At the conclusion of the weekend, each athlete-leader had the opportunity to voice their opinion at an Input Council. These Input Councils are a time where SOMO staff members can ask SOMO participants two simple questions, “What did you like?” and “What needs to be changed?”

For so long, staff members, coaches, family members and society in general have all just assumed what was best for our athletes. We never asked them their opinion on anything because we assumed they didn’t have much to share. The paradigm shift in this thinking has been happening – albeit slowly — for some time now as we’ve realized that not only do our athletes have opinions, but they have great ones to share from a much needed new perspective.

As far as training pubic speakers, SOMO has trained what we call “Global Messengers” for years. A Global Messenger is an athlete who goes through a training to learn to how to write and give speeches about their Special Olympics story. Through ALPs, these Global Messengers now have the opportunity to improve those skills by declaring a communications major and taking their public speaking to the next level through a second Global Messenger training that’s more intense and offers a wide range of speaking opportunities.

Derek Sandbothe of Jefferson City has been a trained Global Messenger for many years now and has been giving speeches all around mid-Missouri ever since. Sandbothe was able to attend the first ever ALPs University and, because of his prior speaking experience, advance directly into the Global Messenger II course.

“I really enjoyed it and I learned a lot,” Sandbothe said. “Jacob, my professor, was great and even helped me with my homework that night (at the hotel) which was awesome.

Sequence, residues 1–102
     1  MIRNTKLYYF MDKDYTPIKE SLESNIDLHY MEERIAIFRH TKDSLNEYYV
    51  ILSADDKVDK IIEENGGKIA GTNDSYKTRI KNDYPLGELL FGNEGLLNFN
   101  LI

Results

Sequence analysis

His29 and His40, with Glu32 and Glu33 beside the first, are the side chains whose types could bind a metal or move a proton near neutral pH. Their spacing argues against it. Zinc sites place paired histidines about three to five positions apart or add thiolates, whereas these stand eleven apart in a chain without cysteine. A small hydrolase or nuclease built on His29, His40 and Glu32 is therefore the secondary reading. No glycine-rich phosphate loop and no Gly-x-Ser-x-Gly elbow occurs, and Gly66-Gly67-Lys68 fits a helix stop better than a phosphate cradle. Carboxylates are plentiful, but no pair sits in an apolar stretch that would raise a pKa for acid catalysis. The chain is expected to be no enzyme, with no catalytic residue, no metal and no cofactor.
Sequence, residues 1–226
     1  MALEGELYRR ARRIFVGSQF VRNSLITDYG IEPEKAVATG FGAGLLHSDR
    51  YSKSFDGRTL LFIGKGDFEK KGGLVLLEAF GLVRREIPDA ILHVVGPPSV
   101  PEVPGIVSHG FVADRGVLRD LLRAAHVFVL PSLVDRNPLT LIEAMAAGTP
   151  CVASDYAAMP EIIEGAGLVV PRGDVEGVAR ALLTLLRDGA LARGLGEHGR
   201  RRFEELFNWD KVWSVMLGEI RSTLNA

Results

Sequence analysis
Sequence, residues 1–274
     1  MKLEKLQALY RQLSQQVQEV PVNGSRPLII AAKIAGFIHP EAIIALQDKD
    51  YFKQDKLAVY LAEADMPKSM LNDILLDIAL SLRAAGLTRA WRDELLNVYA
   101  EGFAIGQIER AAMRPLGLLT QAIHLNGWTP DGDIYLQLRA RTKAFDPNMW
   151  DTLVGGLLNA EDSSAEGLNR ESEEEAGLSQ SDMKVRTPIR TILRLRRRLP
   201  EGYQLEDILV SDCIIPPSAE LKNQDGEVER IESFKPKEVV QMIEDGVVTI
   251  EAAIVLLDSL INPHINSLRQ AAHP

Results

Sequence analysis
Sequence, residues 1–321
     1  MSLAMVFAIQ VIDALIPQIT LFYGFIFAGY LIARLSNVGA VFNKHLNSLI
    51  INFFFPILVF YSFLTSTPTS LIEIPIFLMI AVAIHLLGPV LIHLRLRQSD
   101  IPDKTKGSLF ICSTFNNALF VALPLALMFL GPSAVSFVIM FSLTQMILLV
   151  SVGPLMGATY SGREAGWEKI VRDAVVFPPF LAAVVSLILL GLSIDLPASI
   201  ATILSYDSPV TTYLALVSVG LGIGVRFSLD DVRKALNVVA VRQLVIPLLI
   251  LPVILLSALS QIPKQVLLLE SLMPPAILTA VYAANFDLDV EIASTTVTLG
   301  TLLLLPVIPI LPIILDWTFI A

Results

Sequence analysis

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From left, Lisa Gardner (mentor) and Joseph Niemeyer (athlete-leader) discuss what Special Olympics means to them during the Communications: Global Messenger I class.

“My favorite part of athlete leadership program was gaining leadership skill and learning how to give my speeches and how to shorten them. I learned a lot about speeches and how to approach different businesses and how to speak from the heart about how much Special Olympics means to me and what it has done for me over the years.”

At the end of each class, every athlete-leader has a practicum (homework) to complete before they can move on to the next class in their major. Depending on what class they took it could range from volunteering at their local SOMO office, to giving five speeches, to a series of technology-related tasks. It’s important that they have some kind of practical application for all of the lessons they just learned so it all stays fresh in their minds between classes.

The hope is that depending on schedules and personal preferences on what classes they take, each athlete-leader can graduate from ALPs University in two years (we offer two ALPs Universities per year). They are then free to come back and declare another major or even teach the very classes they were just sitting in. It’s all about getting them to realize their potential and give them plenty of opportunities to try new things and grow as people and leaders.

Special Olympics Missouri could not be more excited to offer this new leadership program to our athletes. We now not only believe that our athletes can be great leaders, but we are empowering them to do so! To learn more about the Athlete Leadership Program or how to become a mentor visit

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A huge thank-you goes out to the ALPs Management Team who made this all possible!